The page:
To complete the purchase, you must enter your passport information and pay via credit card. As with a lot of transportation, ticket prices generally increase the closer you are to departure. You should receive a link to your tickets via email within 24 hours. Print before departure and, voila! Note – when we last took the BuqueBus in November 2018, no one used their cell phone to pull up tickets; everyone printed them.
CHECKIN AND LUGGAGE
On the day of departure, arrive at the BuqueBus Terminal at least one hour before departure (BuqueBus recommends 2 hours) and present your printed ticket at checkin with your passport. And yes, a passport is required even for day trips between the countries.
Side note – all of the ferry terminals for BuqueBus, SeaCat and Colonia Express, are referred to as the BuqueBus terminal. The BuqueBus Terminal in BA is in Puerto Madero, the BuqueBus Terminal in Colonia is known by everyone in the area, and the BuqueBus Terminal in Montevideo is near the old town port (very close to the Mercado del Puerto).
On arrival, a ticket agent will replace your printed ticket with a page of blue tickets containing your name and information. If you have luggage to check, it will be tagged and checked here! And, its just like an airport – place your bag on the scales and the ticket agents tags your bag.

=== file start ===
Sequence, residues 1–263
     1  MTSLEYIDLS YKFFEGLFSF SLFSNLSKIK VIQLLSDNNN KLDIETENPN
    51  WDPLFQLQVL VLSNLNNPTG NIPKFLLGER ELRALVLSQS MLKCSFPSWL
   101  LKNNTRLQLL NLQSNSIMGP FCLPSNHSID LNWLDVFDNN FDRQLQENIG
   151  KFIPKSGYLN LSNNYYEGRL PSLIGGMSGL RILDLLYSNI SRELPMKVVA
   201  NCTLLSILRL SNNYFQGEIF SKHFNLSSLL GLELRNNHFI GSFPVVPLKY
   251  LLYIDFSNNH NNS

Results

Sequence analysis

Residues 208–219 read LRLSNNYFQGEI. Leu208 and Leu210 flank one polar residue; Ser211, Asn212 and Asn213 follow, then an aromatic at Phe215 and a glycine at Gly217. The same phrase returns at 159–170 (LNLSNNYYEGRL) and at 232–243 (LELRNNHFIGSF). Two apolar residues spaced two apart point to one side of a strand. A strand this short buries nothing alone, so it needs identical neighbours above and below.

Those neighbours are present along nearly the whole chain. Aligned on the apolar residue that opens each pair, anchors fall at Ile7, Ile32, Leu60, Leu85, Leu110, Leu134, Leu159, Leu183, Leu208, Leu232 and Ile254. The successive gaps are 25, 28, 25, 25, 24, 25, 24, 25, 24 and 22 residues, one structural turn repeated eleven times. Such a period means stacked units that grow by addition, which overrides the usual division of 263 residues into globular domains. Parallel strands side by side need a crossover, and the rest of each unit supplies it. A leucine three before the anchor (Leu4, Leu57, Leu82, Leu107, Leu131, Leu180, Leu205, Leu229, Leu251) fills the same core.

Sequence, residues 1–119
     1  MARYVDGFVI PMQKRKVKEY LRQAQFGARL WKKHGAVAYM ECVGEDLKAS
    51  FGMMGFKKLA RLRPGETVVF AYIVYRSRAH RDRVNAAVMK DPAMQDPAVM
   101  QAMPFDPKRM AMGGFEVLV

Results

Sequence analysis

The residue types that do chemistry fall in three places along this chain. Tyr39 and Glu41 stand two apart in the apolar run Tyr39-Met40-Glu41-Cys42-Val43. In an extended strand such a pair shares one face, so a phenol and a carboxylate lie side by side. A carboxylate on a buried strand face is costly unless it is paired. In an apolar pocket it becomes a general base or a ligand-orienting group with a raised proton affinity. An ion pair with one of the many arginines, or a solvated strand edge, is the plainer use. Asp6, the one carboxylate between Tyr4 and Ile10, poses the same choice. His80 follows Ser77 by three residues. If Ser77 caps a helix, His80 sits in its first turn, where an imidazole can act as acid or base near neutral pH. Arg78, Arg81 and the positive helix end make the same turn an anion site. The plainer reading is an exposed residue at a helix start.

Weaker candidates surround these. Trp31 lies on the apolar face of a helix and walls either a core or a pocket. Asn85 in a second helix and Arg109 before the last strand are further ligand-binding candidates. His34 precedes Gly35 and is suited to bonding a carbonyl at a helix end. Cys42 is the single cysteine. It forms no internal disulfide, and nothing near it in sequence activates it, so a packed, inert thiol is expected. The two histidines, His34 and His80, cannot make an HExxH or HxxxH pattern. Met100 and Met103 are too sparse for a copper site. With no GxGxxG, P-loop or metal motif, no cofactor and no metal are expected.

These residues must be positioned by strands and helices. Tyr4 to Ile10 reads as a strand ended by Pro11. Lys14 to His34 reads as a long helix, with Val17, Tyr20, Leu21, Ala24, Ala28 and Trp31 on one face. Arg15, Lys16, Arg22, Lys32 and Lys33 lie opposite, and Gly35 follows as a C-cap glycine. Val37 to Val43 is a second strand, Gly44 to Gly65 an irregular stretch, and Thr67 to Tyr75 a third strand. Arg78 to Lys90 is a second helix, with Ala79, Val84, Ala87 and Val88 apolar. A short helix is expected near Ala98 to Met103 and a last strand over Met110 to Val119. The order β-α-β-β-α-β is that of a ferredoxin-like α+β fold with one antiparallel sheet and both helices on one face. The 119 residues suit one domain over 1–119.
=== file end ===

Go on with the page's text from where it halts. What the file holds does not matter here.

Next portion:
And on the luggage note, the BuqueBus website states that it allows 1 checked luggage of up to 20kg and 2 carry-on pieces of luggage. However, in practice, I did not see this being strictly enforced but, we were traveling on a large BuqueBus ferry. I would be more cautious on the smaller ferries. For reference, we each had full suitcases that we checked and each carried on a backpack. I also carried on a Longchamp purse. No one said anything about the quantity or weight of our luggage.
After checking in and getting those blue tickets, you will go through Customs, which consists of running all of your luggage through an X-ray machine. Its just up the stairs in the BA terminal. This was pretty quick and I did not see anyone getting stopped, but apparently they are particularly interested in stopping people with prohibited food goods – such as raw meat, etc. Check the most recent Customs information for prohibited foods.
Directly after Customs is Immigration. Line up like you would at the airport. First up, the country you are departing. Then, directly after, the country you are entering. Literally, they Argentinian and Uruguayan Immigration officers share a booth, so its super easy! I have moved between Argentina and Uruguay 3 times via the BuqueBus and I have never been asked any questions by either official. I would note that both countries stamp your passport. As such, ensure you have enough space in your passport. For example, if you are doing a day trip to Colonia from BA, you will need to have space for 5 passport stamps just for the day trip!
WAITING FOR DEPARTURE